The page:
Sylvain Chavanel is the first rider on the bus. His tricolour jersey half unzipped he sits down, picking up his racing shoes as he does, and begins to adjust the cleats.
“They’re not right,” he says, without looking up as the team press officer asks if he’s okay. The blunt answer is all ‘Ales’ needs to know. Chavanel is in race mode and shouldn’t be disturbed.
In the tranquillity and sanctity of a team bus nothing is more precious than the time to concentrate and even though the doors are open, the gentle Pau breeze is the only break in the full-on concentration Chavanel is giving to his cleat.
Once he’s finished he taps both shoes together, squints through one eye to make sure they’re in line and then looks up, a huge exhale as if to suggest, ‘I’m done.’
And it’s good timing too. Teammate Jérôme Pineau has entered the bus and taking his seat. He sits opposite and begins to pin his number to the back of his jersey. Unlike Chavanel, his concentration levels aren’t off the scale and it takes several minutes before he attempts to lift his jersey from his lap, realising he’s pinned it to his shorts as well.
Chavanel smiles as Pineau undoes his clumsy work and the two then look up as the bus begins to fill with more and more riders.
Gerard Ciolek, the German sprinter is there. It looks like he’s slept here too. Hair matted, eyes barely open he casually flicks through the race manual but it looks like he’d rather be any other place than here.
Across from him Addy Engels taps away on his phone. Unlike Ciolek he doesn’t look like he’s slept in a bin – in fact he looks like he’s about to step onto a Milan catwalk, his hair coiffed, jersey half cut, all he needs is a match stick hanging from his bottom lip to complete the James Dean look he’s clearly going for.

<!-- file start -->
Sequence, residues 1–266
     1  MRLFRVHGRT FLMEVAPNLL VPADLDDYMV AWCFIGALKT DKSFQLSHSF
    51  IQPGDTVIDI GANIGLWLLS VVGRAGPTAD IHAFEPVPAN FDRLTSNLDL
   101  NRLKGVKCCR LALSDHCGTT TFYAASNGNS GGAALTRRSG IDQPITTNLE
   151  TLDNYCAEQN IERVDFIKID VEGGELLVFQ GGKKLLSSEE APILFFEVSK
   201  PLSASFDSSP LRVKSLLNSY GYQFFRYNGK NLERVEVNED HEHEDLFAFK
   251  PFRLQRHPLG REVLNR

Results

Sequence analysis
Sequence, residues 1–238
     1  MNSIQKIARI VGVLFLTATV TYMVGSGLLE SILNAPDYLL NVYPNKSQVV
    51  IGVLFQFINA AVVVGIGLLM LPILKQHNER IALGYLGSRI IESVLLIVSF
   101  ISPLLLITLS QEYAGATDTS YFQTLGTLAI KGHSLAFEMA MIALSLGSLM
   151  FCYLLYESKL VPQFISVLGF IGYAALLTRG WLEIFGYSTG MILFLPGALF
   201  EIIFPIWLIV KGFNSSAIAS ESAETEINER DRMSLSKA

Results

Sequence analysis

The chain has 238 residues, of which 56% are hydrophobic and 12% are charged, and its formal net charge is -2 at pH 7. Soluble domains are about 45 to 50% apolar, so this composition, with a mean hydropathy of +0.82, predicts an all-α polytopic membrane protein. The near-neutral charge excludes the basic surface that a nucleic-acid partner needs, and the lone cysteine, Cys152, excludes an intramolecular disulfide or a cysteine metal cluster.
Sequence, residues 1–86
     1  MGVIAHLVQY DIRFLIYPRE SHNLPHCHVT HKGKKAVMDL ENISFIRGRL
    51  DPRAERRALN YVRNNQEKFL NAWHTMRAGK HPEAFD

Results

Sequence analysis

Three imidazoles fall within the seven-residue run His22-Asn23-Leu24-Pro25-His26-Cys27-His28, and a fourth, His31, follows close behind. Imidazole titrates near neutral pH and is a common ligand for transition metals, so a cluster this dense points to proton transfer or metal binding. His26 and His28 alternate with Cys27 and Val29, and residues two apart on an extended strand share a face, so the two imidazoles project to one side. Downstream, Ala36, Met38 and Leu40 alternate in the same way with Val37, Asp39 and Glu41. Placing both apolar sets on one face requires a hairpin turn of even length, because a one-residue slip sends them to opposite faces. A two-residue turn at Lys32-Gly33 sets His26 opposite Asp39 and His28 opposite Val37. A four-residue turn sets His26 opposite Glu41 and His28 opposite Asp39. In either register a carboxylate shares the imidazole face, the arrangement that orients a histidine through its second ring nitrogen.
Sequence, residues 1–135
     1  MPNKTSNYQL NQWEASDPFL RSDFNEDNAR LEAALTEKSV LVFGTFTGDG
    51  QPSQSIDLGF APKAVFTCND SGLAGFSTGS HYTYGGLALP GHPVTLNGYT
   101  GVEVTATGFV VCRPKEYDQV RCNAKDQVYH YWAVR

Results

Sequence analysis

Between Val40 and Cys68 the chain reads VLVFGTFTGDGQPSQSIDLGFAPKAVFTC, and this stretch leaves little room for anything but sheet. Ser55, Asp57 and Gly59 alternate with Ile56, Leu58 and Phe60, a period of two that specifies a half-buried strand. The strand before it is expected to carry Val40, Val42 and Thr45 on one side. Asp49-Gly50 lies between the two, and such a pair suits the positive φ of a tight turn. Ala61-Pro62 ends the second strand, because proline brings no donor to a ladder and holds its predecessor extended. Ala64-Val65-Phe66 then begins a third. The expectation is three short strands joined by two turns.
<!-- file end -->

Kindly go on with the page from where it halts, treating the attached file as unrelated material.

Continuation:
More and more riders fill the bus before the team’s remaining seven are all accounted for. Wilfried Peeters takes it as his cue to stand up at the front of the bus.
“Listen up, guys,” he grunts out and half the riders look up. Some already know what he’s going to stay: “Keep at the front, we need to get in a break, keep Kevin safe, today is a good day for the break to stay away. Addy, stay with Kevin all day.”
The team has just lost Gert Steegmans to injury. He’s on the bus but off to hospital. He listens in on Peeters’ talk and as the Belgian finishes with "the Tour ends in Paris," Steegmans chips in. “Guys you’d better win today or I’ll break some legs."
With that the team stand up, one by one. Pineau, now properly dressed, leads then down the steps and into the sunshine where Patrick Lefereve is waxing lyrical with the Belgian press. He offers his riders a faint smile mid-sentence but that’s it, the riders are ready.
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